Finally, both officers were familiar with Robert Vogel's prior criminal experiences involving stolen property and narcotics, certainly highly relevant in this instance. Robinson v. State, Ala.Cr.App., 361 So. 2d 379, cert. denied, Ala., 361 So. 2d 383 (1978); Hatton v. State, Ala.Cr.App., 359 So. 2d 822, writ quashed, Ala., 359 So. 2d 832 (1977).

We hold that the circumstances and factors examined above establish that ample probable cause existed to justify the officers in believing that appellants were concealing contraband in the plainly visible duffel bags. In Shipman v. State, 291 Ala. 484, 282 So. 2d 700 (1973), our Supreme Court held that for an item in plain view to be validly seized "the officer must possess some judgment at the time that the object to be seized is contraband and that judgment must be based upon probable cause." Because we find that here the officers did have such probable cause, we distinguish the decisions of the Supreme Court in Shipman and in Kinard v. State, Ala., 335 So. 2d 927 (1976), wherein seizures of "white powder" and "pink pills" were invalidated because the officers possessed no knowledge that the items were contraband. We have examined the cases cited to us by appellants on the issue of probable cause, and determine that the statement "two cases are seldom sufficiently alike for the first to be an absolute binding precedent for the second," Arrington v. United States, 311 A.2d 838 (D.C.App.1973), is particularly appropriate.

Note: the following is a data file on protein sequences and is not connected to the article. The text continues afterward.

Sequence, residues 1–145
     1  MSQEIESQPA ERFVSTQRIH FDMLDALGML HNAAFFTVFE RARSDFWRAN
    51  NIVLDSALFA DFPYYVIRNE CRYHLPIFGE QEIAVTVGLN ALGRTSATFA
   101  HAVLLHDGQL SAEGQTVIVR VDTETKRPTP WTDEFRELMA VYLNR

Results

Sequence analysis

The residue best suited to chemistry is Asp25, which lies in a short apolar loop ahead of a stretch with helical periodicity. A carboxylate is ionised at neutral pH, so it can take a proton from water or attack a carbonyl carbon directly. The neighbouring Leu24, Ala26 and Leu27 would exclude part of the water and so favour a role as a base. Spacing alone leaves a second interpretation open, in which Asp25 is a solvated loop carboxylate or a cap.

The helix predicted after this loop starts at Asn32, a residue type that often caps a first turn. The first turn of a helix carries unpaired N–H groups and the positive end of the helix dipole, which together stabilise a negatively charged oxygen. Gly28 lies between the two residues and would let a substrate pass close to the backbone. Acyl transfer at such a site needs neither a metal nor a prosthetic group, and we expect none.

The second determination to be made is whether exigent circumstances existed to justify executing the seizure then and there, or in the absence thereof, whether a warrant should have been obtained first. Although "[T]he word `automobile' is not a talisman in whose presence the Fourth Amendment fades away and disappears," Coolidge v. New Hampshire, supra, it is apparent that automobiles and other "movables" have long been afforded somewhat different treatment in the context of the Fourth Amendment:

"... [T]he guaranty of freedom from unreasonable searches and seizures by the Fourth Amendment has been construed, practically since the beginning of the government, as recognizing a necessary difference between a search of a store, dwelling house, or other structure in respect of which a proper official warrant readily may be obtained and a search of a ship, motor boat, wagon or automobile for contraband goods, where it is not practicable to secure a warrant, because the vehicle can be quickly moved out of the locality or jurisdiction in which the warrant must be sought."